GDS is a magical place! Last week, during a mock congressional hearing for the DC statehood bill (H.R. 51), High School room 215 stopped being a classroom and became Congress. My students stopped being 9th graders and transformed into members of the House Oversight and Reform Committee (Chairman Elijah Cummings, Representative Alexandria Ocasio-Cortez), engaged citizens testifying in favor or against the bill, and reporters (Peter Baker from the New York Times, Ezra Klein from Vox), advocates (Roger Pilon from CATO and Bo Schuff from DC Vote), and graduate students attending the hearing to write memos, newspaper articles, or college papers about DC statehood.
Whether testifying, asking questions to presenters, replying to questions from the committee, or keeping track of what was going on in order to later report on it, they did not break character. They played out their roles in a professional and informed manner. My students were completely engrossed in the congressional hearing. That is the magic of student-centered, experiential, and interactive learning at GDS.
Yes, it was magical and fun, but the road that led to that thoroughly enjoyable day involved serious work and learning. We built up to the activity by studying the history and current status of the DC statehood issue and concrete arguments in favor and against this bill. Students were also introduced to the basic setup, roles, and purposes of a congressional hearing. The experience allowed them to understand the issue of DC statehood and how it relates to power, race, disenfranchisement, and inequality. They were also making connections to prior knowledge gained in this course, including when and how Washington, DC was created, its constitutional roots, and its history.
In playing the roles of actual citizens affiliated to real advocacy groups and organizations—including DC Vote, Neighbors United for DC Statehood, Cato Institute, and DC Statehood Student Association—students had the chance to not only learn about those groups, but also get a taste of what engaged citizenry means in the context of participating in a congressional hearing. Students were encouraged to examine the assumptions behind arguments in favor and against the bill and how these relate to race, identity, partisanship, or actual rights-based ideas. They also grappled with the notion that just because it is unlikely that a bill will pass does not mean we should refrain from trying, particularly if the topic involves fundamental rights.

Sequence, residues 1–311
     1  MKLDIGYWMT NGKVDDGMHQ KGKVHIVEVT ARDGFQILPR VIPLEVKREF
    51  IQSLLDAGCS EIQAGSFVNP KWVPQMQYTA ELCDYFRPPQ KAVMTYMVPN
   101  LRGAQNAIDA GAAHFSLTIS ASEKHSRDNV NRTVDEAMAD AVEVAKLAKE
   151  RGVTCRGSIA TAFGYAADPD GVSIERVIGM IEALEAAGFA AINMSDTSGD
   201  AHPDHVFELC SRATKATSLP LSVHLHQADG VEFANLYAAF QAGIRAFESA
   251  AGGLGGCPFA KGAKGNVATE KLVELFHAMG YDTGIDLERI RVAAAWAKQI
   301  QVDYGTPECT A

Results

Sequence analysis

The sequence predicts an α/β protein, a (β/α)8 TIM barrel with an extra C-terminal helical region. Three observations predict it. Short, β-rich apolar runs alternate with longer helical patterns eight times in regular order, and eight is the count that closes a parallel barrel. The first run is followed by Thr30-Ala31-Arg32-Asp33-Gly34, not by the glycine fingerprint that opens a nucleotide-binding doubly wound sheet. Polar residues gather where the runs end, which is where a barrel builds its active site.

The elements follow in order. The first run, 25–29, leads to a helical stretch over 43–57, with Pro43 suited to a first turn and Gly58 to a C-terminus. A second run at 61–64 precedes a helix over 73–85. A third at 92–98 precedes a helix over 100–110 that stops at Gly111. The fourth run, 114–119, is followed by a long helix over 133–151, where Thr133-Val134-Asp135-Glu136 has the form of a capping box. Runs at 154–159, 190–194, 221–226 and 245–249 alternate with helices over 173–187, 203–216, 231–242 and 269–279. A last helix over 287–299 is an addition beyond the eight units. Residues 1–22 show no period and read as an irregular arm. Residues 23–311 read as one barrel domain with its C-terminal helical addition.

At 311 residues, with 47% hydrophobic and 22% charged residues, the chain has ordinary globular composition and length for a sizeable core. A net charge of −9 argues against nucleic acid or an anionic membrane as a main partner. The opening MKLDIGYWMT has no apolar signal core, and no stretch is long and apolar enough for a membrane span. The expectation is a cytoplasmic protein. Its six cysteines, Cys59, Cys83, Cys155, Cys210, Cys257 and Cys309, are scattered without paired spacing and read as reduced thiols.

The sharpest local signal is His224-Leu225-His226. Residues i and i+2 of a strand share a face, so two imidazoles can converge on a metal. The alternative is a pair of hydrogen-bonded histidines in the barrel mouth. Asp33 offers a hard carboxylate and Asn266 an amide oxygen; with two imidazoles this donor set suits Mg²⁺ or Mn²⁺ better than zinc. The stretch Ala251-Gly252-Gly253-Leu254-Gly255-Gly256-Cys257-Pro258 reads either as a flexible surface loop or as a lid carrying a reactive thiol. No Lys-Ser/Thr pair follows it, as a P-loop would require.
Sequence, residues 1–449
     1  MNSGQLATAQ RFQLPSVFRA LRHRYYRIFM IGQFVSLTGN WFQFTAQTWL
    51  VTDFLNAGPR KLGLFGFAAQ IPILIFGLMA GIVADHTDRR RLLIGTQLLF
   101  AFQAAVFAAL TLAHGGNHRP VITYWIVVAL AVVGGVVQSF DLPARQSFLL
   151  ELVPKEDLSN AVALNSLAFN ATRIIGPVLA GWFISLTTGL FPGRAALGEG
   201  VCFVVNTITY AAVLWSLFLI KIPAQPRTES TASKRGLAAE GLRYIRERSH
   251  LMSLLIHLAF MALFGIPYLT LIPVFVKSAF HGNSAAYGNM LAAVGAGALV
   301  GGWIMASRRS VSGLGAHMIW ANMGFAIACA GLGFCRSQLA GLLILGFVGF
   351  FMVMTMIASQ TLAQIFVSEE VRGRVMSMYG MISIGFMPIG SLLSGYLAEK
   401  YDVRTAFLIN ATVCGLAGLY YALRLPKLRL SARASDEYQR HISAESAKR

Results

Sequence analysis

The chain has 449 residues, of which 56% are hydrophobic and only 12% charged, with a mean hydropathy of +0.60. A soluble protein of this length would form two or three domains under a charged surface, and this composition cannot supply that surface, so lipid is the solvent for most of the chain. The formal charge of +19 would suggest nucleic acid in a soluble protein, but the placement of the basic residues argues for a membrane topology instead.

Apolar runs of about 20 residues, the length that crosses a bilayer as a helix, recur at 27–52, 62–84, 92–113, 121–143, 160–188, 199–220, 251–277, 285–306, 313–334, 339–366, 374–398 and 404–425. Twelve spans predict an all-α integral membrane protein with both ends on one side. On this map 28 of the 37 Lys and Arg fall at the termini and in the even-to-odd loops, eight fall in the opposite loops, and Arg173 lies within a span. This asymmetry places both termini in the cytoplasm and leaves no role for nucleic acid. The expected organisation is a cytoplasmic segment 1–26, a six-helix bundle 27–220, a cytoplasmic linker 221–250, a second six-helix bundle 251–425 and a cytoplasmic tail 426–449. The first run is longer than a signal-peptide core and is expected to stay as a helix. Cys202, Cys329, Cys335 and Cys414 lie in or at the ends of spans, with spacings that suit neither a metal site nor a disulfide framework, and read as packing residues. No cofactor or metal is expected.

Participation in this activity allowed students to apply and further develop a variety of skills, including: critical thinking and analysis, public speaking/presentation, argument building, formulating and answering questions in real time, note-taking and memo writing, among others. I want them to be self-aware of their individual learning process, so I asked them to reflect on which skills they thought were developed or practiced during the activity. They deeply valued the interactive nature of the activity, noting:
- “I learned more through this than reading about it.”
- “I was able to practice public speaking, especially unscripted speaking during the question period.”
- “I used research skills and also had to think on the spot and use reasoning to answer questions.”
Clearly, the Q&A session that followed the testimony of each witness was a big hit:
- “I think I became better at thinking on my feet.”
- “I learned how to answer and ask questions on the spot.”
Seeing my students entirely “run the show” for the whole class period made me reflect on the importance of facilitating student-centered experiential learning. As teachers, we need to provide students the tools and guidance they need to understand a topic. We also need to get out of their way and provide the space for them to engage with the issue and experience it by themselves. Only at one point did a student break character to ask for my advice. My reply? “You’re the Chairperson.” And he went back into character and handled it flawlessly.
- Sophie Axelrod ’22
- Charlie Baar ’22
- Julien Berman ’22
- Max Grosman ’22
- Seth Riker ’22
- Isabelle Schiff ’22
- Bruno Sullivan ’22
- Oakley Winters ’22